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County spent $434 on Common Core forum

A study group examining new federal education standards being implemented in Carroll County schools will develop recommendations in December, more than a month after the recent Common Core forum.
Earlier this month, the Carroll County Board of Commissioners hosted a forum at Carroll Community College in Westminster to delve into the issues surrounding the Common Core state standards, which is a federal initiative adopted by the state that establishes a single set of clear educational standards for kindergarten through 12th grade in English language arts and mathematics.
Forum speakers included a math professor at the University of Maryland College Park, a member of the National Common Core Validation Committee, an education administration assistant professor at Seton Hall University, a senior faculty member of the Common Core Institute and an associate professor emeritus in the University of Maryland's Mathematics Department.
Ted Zaleski, director of the county's Department of Management and Budget, said the county spent $434.93 on the forum. The money, Zaleski said, was used for travel reimbursement and food for the speakers. The $434.93 to have the forum was taken from the budget of the Carroll County Commissioners' Office.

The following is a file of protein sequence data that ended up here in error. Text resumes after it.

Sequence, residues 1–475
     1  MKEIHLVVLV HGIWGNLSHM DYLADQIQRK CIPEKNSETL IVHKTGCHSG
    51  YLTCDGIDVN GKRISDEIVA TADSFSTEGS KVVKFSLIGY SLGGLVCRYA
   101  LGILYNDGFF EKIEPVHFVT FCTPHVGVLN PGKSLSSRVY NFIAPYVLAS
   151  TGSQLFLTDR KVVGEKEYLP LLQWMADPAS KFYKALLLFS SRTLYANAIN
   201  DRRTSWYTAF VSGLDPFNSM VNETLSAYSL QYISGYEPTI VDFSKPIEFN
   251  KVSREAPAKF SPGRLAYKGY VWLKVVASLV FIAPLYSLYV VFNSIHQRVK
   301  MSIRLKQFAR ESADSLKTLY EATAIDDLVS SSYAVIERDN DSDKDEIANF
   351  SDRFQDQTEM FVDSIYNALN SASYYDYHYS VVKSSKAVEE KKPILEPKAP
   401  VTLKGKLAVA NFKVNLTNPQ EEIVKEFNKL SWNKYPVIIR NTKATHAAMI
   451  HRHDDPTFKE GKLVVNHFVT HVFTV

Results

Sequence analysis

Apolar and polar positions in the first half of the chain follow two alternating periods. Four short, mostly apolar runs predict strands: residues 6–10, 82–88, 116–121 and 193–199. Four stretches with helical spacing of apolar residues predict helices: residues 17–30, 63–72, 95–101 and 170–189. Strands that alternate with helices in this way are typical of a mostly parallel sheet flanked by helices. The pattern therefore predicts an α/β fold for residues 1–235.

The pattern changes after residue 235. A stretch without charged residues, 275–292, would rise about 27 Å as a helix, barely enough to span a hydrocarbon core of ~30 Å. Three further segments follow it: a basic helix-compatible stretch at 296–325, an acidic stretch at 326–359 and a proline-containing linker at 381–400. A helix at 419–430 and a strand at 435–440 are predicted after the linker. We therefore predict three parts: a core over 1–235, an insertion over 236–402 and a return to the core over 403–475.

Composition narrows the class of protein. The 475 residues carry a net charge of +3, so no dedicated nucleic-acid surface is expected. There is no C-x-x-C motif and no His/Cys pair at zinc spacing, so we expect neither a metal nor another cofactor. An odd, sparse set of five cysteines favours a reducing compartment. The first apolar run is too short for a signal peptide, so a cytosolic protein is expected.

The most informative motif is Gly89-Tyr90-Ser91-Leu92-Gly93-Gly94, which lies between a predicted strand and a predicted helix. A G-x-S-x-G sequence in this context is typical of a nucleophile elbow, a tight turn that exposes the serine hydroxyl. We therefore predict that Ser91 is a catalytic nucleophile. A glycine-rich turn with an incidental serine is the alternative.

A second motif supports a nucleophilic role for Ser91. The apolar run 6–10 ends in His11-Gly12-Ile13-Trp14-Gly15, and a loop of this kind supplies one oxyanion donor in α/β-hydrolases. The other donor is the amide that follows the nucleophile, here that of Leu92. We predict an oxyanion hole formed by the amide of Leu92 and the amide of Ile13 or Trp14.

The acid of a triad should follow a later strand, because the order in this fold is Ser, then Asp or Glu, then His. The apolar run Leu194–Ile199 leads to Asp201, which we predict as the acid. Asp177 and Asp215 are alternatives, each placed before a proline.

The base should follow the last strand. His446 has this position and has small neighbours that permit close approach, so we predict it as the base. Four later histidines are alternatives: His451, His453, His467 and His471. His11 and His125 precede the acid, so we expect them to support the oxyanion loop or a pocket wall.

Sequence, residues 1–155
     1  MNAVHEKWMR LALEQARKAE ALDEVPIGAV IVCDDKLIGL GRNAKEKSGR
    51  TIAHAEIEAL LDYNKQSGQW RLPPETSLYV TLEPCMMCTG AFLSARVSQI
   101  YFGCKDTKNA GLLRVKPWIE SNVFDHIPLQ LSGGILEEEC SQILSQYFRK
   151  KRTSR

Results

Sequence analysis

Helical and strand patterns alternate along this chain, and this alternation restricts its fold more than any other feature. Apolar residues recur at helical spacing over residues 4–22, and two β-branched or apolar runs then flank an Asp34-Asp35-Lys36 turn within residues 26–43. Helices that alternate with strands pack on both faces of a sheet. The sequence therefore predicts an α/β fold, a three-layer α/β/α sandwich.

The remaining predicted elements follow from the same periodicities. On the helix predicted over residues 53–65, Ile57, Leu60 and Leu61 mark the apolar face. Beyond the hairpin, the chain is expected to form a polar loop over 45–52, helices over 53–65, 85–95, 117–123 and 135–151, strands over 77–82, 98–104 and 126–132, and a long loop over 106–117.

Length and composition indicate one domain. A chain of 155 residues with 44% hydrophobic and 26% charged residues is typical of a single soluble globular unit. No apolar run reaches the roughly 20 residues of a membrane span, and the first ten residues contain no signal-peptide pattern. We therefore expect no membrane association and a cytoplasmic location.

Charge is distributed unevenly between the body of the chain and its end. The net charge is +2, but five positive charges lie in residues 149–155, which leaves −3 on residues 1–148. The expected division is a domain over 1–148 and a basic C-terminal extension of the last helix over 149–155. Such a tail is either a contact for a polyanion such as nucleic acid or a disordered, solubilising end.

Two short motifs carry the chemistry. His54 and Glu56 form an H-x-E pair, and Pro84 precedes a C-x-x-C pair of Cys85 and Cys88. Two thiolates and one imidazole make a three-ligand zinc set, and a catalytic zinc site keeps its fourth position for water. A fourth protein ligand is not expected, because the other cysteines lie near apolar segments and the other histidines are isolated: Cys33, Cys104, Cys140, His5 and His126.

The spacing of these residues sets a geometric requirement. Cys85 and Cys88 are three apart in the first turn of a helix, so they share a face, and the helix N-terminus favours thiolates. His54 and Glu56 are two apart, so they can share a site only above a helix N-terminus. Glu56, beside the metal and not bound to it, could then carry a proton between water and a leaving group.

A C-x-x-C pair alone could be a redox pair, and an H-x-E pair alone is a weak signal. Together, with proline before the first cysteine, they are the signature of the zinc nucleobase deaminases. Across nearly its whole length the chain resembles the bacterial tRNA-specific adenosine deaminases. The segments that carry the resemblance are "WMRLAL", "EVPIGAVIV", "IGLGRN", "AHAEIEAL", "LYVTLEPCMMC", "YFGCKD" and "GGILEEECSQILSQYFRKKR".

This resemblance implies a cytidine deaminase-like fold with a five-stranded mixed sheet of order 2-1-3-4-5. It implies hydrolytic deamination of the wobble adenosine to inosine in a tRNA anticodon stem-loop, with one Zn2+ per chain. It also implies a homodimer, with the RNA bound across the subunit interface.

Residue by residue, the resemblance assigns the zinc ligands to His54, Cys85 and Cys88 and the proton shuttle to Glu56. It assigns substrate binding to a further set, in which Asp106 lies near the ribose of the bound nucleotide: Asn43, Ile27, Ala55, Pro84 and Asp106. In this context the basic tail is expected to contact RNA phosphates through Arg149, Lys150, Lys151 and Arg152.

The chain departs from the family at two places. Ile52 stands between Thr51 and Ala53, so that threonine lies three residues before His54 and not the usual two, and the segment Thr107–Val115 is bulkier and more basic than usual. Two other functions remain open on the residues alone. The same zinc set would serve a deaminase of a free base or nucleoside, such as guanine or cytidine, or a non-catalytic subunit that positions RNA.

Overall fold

Commissioner Richard Rothschild, R-District 4, said the board members ran as fiscal conservatives, so it makes sense that the commissioners put on a forum with so little money. Rothschild said he was proud that the forum was done on a "shoestring budget."
The forum, he said, was a great opportunity for parents to hear different perspectives on the Common Core standards. Parents learned that there are pros and cons to the new education standards, he said.
"If anything, this forum encouraged people to get more data," he said.
Commissioner Doug Howard, who created the nine-person study group, said he doesn't think a lot of new, useful information came out of the forum.
"The problem was that there was so much conflicting information at the forum itself," said Howard, R-District 5. "I don't think it cleared anything up. I think it just made things a little bit more confusing."
The study group is piecing together information about different components of Common Core. Howard said he plans to have study group recommendations created and brought to the board of commissioners and the Carroll County delegations to the Maryland General Assembly in December.
The new education standards, Howard said, were approved by the legislature, so the local delegations need to be involved.
There is no way, he said, that the General Assembly should have signed off on implementing the new curriculum so quickly.
A number of standards have already been implemented in Carroll County Public Schools.
"The idea of implementing this kind of [curriculum] change in this kind of time frame is crazy," Howard said. "Parents are frustrated. Teachers are frustrated. You just can't do something like this in two or three years."
Rothschild said his next step is to stop the implementation of new science standards, which he said are based on unproven scientific premises. For example, the new science standards assume that mankind is the major force behind global warming.
"Why this is a problem, is because government uses global warming to scare children so that they will support turning increasing control of their lives over to the government," Rothschild said. "And that is unacceptable to me."

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